public bool IsReusable { get { return false; } }
        public void ProcessRequest(HttpContext httpContext) { throw new NotImplementedException(); }
 
        // IHttpAsyncHandler members
        public IAsyncResult BeginProcessRequest(HttpContext context, AsyncCallback cb, object extraData)
        {
            // Get the controller type
            string controllerName = requestContext.RouteData.GetRequiredString("controller");
 
            // Obtain an instance of the controller
            IControllerFactory factory = ControllerBuilder.Current.GetControllerFactory();
            IController controller = factory.CreateController(requestContext, controllerName);
            if (controller == null)
                throw new InvalidOperationException("Can't locate the controller " + controllerName);
            try
            {
                asyncController = controller as AsyncController;
                if (asyncController == null)
                    throw new InvalidOperationException("Controller isn't an AsyncController.");
 
                // Set up asynchronous processing
                httpContext = HttpContext.Current; // Save this for later
                asyncController.Callback = cb;
                (asyncController as IController).Execute(new ControllerContext(requestContext, controller));
                return asyncController.Result;
            }
            finally
            {
                factory.DisposeController(controller);
            }
        }
 
        public void EndProcessRequest(IAsyncResult result)
        {
            CallContext.HostContext = httpContext; // So that RenderView() works
            asyncController.OnCompletion(result);
        }
    }
}

It handles requests by supplying an AsyncMvcHandler, which implements IHttpAsyncHandler. Note that during the first half of the processing, i.e. during BeginProcessRequest(), it makes a record of the current HttpContext object. We have to restore that later, during EndProcessRequest(), because we’ll be in a new thread context by then and HttpContext will be null (and that breaks various ASP.NET facilities including WebForms view rendering).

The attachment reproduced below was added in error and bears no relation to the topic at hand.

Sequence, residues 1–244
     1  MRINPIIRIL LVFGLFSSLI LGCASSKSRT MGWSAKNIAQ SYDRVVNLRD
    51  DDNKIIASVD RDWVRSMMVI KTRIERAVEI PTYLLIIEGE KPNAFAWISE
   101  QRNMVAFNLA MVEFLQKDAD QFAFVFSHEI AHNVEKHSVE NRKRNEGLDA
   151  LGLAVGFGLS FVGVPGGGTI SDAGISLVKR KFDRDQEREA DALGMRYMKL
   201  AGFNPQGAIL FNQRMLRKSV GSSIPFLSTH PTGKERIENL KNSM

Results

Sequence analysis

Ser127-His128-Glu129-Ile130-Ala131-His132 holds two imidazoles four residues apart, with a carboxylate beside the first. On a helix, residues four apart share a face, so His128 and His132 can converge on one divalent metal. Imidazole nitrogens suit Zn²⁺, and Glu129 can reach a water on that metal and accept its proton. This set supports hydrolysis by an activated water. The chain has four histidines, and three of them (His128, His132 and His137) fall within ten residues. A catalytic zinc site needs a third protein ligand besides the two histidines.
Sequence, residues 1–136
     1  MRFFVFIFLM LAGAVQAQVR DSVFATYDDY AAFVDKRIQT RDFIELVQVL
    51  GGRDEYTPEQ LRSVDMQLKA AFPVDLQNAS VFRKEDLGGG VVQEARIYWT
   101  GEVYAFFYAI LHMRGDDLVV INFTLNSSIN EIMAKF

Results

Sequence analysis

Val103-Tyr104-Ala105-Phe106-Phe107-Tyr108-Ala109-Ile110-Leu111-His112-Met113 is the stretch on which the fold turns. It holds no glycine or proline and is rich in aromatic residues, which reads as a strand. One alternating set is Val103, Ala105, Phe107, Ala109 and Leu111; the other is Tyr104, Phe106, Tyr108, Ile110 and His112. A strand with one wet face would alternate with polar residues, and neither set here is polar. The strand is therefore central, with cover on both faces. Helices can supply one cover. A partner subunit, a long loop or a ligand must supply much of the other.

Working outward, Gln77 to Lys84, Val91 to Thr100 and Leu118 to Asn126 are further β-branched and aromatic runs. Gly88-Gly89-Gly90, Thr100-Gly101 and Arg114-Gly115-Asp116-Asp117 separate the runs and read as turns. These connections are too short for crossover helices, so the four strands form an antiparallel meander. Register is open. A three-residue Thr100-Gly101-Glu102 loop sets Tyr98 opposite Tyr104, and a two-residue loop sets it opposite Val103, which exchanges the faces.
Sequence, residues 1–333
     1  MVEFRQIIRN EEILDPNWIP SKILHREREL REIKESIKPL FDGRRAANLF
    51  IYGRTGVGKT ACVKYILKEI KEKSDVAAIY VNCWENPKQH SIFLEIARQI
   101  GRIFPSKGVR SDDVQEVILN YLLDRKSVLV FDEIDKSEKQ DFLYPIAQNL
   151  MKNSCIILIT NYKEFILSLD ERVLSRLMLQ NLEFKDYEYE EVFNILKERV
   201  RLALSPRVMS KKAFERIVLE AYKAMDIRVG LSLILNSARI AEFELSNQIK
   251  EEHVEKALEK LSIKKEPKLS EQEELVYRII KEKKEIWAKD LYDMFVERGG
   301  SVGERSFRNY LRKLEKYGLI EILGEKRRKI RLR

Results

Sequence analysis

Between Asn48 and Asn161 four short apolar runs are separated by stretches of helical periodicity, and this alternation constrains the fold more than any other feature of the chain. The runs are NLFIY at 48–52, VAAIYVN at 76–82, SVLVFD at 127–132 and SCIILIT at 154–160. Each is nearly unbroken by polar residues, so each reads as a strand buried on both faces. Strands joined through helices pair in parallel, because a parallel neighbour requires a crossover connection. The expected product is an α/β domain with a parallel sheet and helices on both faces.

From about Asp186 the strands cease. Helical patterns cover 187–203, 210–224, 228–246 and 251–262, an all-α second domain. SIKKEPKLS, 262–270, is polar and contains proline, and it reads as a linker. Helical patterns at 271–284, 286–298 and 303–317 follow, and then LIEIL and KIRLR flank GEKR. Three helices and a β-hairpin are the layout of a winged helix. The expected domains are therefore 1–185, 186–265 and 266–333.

Using AsyncController

It’s now very easy to handle a request asynchronously. Define a route using AsyncMvcRouteHandler, instead of MvcRouteHandler:

routes.Add(new Route("Default.aspx", new AsyncMvcRouteHandler())
{
    Defaults = new RouteValueDictionary(new { controller = "Home", action = "Index", id = "" }),
});

Then set up an AsyncController. In this example, we’re calling an external web service using the WebRequest class and its BeginGetResponse() method. That uses an IOCP, so won’t consume an ASP.NET worker thread while it waits:

public class HomeController : AsyncController
{
    public void Index()
    {
        WebRequest req = WebRequest.Create("http://www.example.com");
        req.Method = "GET";
 
        RegisterAsyncTask(cb => req.BeginGetResponse(cb, null), delegate(IAsyncResult result) {
            WebResponse response = req.EndGetResponse(result);
            // Do something with the response here if you want
            RenderView("Index");
        });
    }
}

And that’s it. The web request gets set up and started in the first half of the async processing model, then the thread gets released to serve other requests. When the web request signals completion, ASP.NET takes a different thread from its pool, and gets it to run the code inside the anonymous delegate, inheriting the request context from the first thread so it can send output to the visitor.